Recently, I had the opportunity to sit down with 14 basketball coaches from India as they kicked off their Basketball Sports Visitor Program, a program of the Bureau of Educational and Cultural Affairs' (ECA) SportsUnited Division. These visitors, who coach predominately 8-16 year olds, are in the United States for 11 days to take part in basketball workshops with American athletes, participate in a Special Olympics clinic, and engage in activities focused on team building and youth development. The program also includes discussions on conflict resolution, sports fitness, and sports psychology. The group spent five days in Washington, D.C., where they had a "behind the scenes" tour of the Capitol, traveled to Mount St. Mary's University to observe a college basketball practice, and participated in a wheelchair basketball session. They are now in Orlando, Florida to attend coaching clinics and leadership sessions focused on the NBA All Star Weekend. They will also visit an American school and attend a session with the Boys and Girls Club of Orlando. As was described by The Hindu newspaper, this program shows that "the two nations (India and the United States) continue to score slam-dunks in terms of bilateral sport diplomacy."
In my conversation with the coaches, I explained that ECA bridges cultures and promotes understanding between the United States and other countries through a diverse range of exchange programs. Exchanges with youth, emerging leaders, academics, athletes, and the arts community, send Americans abroad and bring participants to the United States. International participants meet directly with Americans and experience American culture and values first-hand. I reminded our visiting group of coaches that it is equally important for them to share their background and culture with the Americans they meet. It is this mutual sharing of cultures, ideas, and practices that leads to a better understanding of our counterparts around the world.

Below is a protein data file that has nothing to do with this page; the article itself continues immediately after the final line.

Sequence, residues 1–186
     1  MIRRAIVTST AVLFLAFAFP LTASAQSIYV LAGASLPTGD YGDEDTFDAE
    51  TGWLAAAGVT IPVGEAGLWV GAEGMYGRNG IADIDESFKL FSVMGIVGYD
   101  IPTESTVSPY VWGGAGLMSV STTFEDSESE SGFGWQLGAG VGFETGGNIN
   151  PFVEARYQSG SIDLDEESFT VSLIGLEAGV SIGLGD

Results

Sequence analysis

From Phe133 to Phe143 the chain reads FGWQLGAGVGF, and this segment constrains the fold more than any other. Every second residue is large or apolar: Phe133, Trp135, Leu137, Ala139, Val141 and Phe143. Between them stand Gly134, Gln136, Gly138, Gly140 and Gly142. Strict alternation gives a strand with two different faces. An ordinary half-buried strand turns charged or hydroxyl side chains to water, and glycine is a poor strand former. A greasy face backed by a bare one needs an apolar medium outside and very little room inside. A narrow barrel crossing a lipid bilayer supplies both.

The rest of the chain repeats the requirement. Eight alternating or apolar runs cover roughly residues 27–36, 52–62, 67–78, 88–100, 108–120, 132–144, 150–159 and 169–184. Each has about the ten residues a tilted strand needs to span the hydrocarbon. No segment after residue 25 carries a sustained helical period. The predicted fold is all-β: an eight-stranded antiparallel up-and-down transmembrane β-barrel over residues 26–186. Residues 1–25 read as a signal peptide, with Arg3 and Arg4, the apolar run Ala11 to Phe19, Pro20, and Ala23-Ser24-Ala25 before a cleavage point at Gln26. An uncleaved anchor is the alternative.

Sports surmount cultural and language differences and unite people in the love of a good game. Through mutual appreciation and sportsmanship enduring friendships are built. We are thrilled to host this special group from India, visitors that have in only a few days created people-to-people relationships through sports.
The SportsUnited Division brings youth athletes and coaches to the United States as well as sends sports envoys to countries abroad. This is the second basketball exchange for India. Last year as Sports Envoys, NBA Hall of Famer George "The Iceman" Gervin and WNBA's Katie Smith traveled to Mumbai and New Delhi.